The impact of chronic pseudomonal infection on pulmonary function testing in individuals with cystic fibrosis in Pretoria, South Africa
South African Medical Journal
Department of Paediatrics and Child Health, University of Pretoria, South Africa
Background. Colonisation of the airway by Pseudomonas spp. in cystic fibrosis has been reported to be an important determinant of decline in pulmonary function. Objective. To assess pulmonary function decline and the presence of bacterial colonisation in patients with cystic fibrosis (CF) attending a CF clinic in a developing country. Methods. A retrospective audit of patients attending the CF clinic at Steve Biko Academic Hospital, Pretoria, South Africa, was performed. The data included spirometric indices and organisms routinely cultured from airway secretions (Pseudomonas aeruginosa (PA) and Staphylococcus aureus (SA)). Results. There were 29 study subjects. Analysis of variance for ranks (after determining that baseline pulmonary function, age, gender and period of follow-up were not contributing to pulmonary function decline) revealed a median decline in forced expiratory volume in 1 second, forced vital capacity and forced expiratory flow over 25 - 75% expiration of 12%, 6% and 3%, respectively, for individuals colonised by PA. There was no pulmonary function decline in individuals not colonised by PA, or in individuals colonised by SA. Conclusion. Pulmonary function decline in this South African centre is significantly influenced by chronic pseudomonal infection. Other influences on this phenomenon should be explored.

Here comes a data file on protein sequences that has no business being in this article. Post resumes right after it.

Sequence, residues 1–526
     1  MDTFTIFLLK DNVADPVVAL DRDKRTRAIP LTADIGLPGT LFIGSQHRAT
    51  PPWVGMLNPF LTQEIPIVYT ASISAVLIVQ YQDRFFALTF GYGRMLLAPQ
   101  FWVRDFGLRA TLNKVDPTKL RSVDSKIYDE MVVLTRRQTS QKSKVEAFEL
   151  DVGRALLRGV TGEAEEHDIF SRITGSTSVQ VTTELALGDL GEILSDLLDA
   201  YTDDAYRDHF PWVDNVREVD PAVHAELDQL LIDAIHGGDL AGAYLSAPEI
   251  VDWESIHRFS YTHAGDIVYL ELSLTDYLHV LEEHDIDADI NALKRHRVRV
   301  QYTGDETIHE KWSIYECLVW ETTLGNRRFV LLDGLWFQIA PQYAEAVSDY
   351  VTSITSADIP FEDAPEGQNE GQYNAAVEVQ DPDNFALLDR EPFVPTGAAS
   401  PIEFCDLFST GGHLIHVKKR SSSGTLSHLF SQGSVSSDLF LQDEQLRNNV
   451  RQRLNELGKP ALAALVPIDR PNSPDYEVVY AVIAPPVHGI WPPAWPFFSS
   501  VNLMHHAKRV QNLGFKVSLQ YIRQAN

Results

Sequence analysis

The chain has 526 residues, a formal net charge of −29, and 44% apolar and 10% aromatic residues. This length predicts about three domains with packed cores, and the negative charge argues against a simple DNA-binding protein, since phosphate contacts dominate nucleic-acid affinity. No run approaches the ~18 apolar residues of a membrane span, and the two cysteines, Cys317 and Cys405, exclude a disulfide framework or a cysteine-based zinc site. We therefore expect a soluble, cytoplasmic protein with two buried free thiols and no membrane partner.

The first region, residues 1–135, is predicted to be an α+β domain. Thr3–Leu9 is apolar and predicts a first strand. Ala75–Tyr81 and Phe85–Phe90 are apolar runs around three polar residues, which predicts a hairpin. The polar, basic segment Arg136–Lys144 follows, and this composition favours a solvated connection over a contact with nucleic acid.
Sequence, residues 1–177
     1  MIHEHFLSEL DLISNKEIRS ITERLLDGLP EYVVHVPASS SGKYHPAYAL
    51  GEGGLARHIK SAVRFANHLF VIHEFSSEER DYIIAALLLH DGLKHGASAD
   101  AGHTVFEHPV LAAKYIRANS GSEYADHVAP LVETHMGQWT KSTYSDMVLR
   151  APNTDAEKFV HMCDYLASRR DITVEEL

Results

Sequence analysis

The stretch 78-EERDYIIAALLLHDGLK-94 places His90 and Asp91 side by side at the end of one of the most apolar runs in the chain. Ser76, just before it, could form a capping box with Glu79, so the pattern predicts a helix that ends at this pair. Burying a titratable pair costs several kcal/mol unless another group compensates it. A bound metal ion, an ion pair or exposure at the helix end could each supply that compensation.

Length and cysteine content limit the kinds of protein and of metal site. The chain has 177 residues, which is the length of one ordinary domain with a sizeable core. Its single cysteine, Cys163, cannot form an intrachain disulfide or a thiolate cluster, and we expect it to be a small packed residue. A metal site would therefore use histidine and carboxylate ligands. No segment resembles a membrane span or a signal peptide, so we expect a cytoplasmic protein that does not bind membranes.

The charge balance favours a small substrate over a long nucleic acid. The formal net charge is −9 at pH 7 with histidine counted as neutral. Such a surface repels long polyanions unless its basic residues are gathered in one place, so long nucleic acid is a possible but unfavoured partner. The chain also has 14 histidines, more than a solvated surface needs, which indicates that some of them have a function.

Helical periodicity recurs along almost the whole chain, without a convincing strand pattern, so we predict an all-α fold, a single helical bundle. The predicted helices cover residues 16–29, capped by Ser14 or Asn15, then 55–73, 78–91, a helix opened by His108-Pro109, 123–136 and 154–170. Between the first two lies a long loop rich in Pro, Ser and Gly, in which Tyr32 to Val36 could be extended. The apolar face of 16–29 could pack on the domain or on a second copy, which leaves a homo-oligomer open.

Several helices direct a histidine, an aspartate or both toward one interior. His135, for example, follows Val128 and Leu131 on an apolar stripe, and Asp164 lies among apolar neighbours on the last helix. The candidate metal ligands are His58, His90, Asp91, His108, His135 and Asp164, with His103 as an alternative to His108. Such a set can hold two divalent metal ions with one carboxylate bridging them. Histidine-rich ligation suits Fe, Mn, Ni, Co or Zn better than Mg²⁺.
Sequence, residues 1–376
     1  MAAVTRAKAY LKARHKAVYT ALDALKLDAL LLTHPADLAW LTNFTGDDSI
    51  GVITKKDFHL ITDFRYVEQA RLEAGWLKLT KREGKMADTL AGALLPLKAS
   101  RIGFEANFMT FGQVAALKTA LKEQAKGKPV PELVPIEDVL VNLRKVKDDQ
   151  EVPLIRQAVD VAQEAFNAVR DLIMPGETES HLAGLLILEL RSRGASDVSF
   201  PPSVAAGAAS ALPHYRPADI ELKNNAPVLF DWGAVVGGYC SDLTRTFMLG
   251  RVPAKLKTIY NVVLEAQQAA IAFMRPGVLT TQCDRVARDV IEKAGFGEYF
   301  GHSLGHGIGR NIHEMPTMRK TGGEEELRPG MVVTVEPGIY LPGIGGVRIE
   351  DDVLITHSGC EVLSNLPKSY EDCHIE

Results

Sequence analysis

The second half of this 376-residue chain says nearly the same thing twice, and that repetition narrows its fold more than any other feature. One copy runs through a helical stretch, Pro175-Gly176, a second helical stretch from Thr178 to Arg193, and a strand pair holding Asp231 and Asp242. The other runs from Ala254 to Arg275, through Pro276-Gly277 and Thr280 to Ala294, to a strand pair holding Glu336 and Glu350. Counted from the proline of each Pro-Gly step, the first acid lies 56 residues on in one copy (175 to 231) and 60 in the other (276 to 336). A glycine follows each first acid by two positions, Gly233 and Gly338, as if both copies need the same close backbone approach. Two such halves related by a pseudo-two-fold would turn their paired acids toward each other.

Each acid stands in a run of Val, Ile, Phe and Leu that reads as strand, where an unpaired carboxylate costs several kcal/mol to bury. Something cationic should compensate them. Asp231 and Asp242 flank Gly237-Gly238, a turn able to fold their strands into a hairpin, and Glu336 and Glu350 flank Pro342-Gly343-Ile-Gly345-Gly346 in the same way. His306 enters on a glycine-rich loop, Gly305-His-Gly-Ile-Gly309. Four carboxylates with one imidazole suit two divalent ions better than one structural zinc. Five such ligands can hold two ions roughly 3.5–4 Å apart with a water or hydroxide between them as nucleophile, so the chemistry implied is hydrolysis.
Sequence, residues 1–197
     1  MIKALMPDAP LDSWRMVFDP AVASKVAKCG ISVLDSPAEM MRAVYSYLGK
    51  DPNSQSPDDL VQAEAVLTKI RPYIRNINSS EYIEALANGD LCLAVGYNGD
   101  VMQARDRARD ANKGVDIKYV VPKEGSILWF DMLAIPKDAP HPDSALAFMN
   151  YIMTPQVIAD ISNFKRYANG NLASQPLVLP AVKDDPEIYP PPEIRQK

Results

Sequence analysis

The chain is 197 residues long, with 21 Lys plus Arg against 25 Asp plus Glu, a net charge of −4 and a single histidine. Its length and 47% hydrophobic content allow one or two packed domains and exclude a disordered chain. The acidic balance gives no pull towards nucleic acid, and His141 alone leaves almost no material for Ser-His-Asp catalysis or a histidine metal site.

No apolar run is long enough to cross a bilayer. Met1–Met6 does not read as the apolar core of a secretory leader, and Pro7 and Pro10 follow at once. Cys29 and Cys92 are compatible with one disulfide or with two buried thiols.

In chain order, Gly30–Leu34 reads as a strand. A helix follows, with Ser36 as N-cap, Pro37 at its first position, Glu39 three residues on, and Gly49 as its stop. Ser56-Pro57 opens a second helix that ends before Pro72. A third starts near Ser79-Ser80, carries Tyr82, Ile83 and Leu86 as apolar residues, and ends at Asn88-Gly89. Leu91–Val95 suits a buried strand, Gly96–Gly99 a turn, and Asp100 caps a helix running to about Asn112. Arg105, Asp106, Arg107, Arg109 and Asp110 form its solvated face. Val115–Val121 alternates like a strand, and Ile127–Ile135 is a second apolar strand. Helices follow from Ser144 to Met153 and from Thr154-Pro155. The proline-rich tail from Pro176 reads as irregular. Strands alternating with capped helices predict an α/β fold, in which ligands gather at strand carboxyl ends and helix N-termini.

adolescent; adult; article; bacterial colonization; child; cystic fibrosis; forced expiratory flow; forced expiratory volume; forced vital capacity; genetic screening; human; infant; lung function; major clinical study; Pseudomonas aeruginosa; retrospective study; spirometry; sputum analysis; Staphylococcus aureus; sweat test; Child; Chronic Disease; Cystic Fibrosis; Female; Humans; Lung; Male; Pseudomonas aeruginosa; Pseudomonas Infections; Retrospective Studies; South Africa; Spirometry; Staphylococcal Infections